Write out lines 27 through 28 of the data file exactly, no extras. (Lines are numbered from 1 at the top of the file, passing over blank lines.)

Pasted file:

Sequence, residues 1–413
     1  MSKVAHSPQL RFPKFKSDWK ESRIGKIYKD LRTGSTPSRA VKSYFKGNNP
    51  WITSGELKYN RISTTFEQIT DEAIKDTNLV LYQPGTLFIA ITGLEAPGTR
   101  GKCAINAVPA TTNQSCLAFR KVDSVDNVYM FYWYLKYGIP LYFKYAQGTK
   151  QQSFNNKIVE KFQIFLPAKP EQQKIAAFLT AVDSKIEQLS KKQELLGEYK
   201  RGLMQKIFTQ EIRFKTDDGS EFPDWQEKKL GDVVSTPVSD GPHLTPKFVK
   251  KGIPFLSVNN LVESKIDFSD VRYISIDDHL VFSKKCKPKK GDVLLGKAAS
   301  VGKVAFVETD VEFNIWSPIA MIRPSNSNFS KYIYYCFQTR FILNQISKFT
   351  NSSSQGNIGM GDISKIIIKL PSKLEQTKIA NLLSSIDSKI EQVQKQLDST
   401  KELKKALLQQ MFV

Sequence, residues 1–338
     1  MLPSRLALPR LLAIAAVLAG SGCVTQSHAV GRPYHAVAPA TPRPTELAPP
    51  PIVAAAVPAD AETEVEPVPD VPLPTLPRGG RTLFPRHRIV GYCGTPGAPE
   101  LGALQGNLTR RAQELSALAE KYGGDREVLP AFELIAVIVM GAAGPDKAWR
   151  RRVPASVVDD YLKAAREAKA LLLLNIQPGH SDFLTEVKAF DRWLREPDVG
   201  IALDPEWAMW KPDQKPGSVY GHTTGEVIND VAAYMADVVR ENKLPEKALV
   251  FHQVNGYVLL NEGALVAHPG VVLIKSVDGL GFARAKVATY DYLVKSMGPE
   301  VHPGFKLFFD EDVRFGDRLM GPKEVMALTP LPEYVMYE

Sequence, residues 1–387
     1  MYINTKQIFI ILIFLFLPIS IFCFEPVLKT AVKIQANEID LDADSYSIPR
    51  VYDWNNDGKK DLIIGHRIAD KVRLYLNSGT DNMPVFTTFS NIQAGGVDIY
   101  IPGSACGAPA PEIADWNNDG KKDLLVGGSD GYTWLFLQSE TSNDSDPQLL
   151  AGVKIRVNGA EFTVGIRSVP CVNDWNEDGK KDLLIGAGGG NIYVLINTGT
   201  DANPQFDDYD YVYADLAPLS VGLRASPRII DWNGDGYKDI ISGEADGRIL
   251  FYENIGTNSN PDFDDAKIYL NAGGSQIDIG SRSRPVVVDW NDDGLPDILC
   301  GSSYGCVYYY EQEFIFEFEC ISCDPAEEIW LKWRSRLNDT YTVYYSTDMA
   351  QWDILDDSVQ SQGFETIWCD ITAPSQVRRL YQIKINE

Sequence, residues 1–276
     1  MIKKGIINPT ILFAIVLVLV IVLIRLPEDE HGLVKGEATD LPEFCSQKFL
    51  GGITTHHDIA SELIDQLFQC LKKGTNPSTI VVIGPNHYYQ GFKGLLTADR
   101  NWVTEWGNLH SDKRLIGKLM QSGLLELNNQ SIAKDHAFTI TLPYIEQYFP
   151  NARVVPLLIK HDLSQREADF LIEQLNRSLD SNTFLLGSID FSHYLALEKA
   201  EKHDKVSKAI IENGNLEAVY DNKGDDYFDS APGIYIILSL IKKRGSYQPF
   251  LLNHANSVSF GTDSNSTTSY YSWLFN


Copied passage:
   351  QWDILDDSVQ SQGFETIWCD ITAPSQVRRL YQIKINE

Sequence, residues 1–276